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I now have dual citizenship, and I live in my 'new' country. I don't really want to obtain and maintain two passports, with the associated admin and costs.

If I continue to travel on my 'old country' passport, and in due course renew it, can I let my previous 'new-country' visas in my old passport expire (ie not renew/transfer them into the renewed passport) and rely instead on my 'new' citizenship certificate to allow entry into my new home country?

I realise the exact rules may differ by country, and I will check them out in my specific case, but before I do: does anyone have experience of this for their own countries?

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It depends on which two countries are involved. Some countries e.g. may give you a stamp with a citizenship declaration in your "other" (foreign) passport. –  Tor-Einar Jarnbjo Apr 7 at 9:32
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As you suspected, it's necessary to be a little more specific (Which country? What's a “citizenship certificate”). In my own country, you would get a national ID card and can use that to enter when you come back. You would not be able to get a new visa, renew your old one or transfer it to your new passport as you don't need a visa anymore and visas are not issued to citizens. –  Relaxed Apr 7 at 11:33
    
If you somehow find yourself in your “old” country without any document from the new country and need to travel there, you would need to contact the nearest consulate of the new country, which would first verify your citizenship and then give you an ID card, (temporary) passport or other travel document. –  Relaxed Apr 7 at 11:36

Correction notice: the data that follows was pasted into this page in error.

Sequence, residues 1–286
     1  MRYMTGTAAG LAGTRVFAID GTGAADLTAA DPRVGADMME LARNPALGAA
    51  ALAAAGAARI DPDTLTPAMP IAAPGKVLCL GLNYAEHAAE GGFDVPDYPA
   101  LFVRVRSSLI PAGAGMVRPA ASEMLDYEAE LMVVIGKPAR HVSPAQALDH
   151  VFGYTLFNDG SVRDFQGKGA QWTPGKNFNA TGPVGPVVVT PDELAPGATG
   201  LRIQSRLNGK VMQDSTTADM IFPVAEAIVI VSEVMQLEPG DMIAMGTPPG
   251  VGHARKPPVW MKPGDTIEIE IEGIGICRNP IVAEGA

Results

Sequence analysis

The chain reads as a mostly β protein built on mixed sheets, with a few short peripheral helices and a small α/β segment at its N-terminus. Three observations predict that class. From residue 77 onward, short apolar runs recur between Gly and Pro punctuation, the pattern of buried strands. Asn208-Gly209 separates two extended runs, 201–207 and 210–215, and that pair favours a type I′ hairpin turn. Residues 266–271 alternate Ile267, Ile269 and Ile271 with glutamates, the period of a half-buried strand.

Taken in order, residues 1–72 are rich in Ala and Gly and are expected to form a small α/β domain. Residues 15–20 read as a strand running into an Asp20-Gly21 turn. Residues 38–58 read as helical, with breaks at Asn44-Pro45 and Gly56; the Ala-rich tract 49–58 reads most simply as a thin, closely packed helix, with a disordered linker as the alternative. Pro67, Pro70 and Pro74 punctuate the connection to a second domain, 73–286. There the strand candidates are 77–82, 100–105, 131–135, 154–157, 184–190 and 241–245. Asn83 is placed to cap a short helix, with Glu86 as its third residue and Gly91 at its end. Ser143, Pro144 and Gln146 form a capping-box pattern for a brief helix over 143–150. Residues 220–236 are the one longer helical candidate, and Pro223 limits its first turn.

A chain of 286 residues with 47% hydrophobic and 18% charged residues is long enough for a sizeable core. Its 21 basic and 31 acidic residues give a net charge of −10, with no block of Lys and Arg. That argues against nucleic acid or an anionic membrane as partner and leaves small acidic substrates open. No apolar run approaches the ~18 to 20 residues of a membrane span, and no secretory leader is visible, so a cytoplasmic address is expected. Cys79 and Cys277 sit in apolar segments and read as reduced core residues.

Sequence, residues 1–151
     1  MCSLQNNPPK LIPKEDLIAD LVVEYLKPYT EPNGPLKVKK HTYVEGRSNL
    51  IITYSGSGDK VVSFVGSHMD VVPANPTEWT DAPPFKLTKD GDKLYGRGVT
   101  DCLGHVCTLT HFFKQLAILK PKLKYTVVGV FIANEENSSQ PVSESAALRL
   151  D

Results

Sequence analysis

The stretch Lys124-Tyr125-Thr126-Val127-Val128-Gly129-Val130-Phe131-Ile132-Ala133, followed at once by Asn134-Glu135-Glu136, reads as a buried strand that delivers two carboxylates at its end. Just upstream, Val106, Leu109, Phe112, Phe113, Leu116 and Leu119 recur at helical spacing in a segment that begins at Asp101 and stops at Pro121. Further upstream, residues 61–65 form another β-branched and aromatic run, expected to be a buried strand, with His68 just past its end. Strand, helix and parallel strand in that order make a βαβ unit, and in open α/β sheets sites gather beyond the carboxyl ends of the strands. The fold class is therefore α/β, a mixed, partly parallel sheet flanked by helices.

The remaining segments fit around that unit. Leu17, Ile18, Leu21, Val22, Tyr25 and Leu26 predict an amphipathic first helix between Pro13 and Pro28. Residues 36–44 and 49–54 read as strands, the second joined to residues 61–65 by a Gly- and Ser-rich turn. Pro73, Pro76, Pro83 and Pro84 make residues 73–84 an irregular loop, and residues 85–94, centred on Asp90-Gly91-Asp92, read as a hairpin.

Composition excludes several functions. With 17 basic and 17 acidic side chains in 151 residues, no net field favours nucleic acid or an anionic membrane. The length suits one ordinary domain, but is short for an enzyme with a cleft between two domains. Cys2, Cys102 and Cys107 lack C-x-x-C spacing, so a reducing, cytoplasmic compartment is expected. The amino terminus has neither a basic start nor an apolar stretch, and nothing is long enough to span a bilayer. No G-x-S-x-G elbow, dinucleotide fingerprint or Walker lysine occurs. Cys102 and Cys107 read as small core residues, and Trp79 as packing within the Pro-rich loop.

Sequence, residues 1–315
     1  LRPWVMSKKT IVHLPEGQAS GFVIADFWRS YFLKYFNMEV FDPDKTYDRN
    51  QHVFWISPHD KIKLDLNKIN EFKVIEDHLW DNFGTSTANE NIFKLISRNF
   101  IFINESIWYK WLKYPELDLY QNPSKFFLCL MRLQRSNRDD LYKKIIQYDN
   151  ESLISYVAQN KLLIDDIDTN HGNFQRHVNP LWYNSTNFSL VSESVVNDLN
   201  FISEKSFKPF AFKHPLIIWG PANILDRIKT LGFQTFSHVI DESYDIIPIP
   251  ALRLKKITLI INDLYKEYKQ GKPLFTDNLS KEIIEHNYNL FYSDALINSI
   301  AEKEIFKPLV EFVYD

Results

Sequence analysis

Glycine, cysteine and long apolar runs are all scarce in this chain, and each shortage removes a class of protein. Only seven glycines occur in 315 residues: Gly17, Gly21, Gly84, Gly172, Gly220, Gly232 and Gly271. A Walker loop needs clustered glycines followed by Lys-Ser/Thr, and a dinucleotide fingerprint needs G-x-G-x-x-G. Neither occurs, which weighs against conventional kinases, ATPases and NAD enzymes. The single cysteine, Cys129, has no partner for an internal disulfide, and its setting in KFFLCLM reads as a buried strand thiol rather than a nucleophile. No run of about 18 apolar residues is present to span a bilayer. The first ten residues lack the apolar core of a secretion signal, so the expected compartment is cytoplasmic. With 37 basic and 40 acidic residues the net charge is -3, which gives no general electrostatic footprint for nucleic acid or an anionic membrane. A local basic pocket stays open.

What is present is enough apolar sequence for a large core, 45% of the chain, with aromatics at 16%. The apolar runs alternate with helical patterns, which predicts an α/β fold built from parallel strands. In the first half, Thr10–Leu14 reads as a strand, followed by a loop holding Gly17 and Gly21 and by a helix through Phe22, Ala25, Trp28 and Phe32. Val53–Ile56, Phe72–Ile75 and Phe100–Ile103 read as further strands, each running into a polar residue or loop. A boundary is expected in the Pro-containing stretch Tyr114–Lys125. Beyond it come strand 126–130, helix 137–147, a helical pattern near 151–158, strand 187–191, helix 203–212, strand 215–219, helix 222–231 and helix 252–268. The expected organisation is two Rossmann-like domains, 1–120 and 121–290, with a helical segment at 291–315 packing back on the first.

1 Answer 1

As the citizen of a country, you have the right to enter that country as long as you have documentary proof that you are a citizen of that country, passport or otherwise. So if you show up at the border waving your certificate, you'll eventually get in, although it may take a while.

The big problem is going to be getting to that border in the first place. Airlines flying into a country are going to insist on a passport or some sort of temporary travel document, a random certificate is not going to cut it.

And you're most likely to have trouble even leaving your home country, since exit immigration is going to want to see your passport: you can't just show them your other-country passport, since that's not going to have a visa and would make you an illegal immigrant. You might be able to argue your way out, but it would be highly unusual to say the least.

Obviously this applies to places primarily reached by air and where border controls are enforced. If you're a new citizen of (say) Finland but decide to keep renewing your (say) Swedish passport, you're not even going to need the citizenship certificate, because there are no border controls between the two and a Swedish passport is completely valid for entering any Schengen country.

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Some countries have no exit immigration. Also, if OP leaves the new country on the old-country passport it presumably reflects whatever permanent-resident status the person had before taking the citizenship of the new country; it would not seem that OP was an illegal immigrant. –  phoog Sep 11 at 16:24

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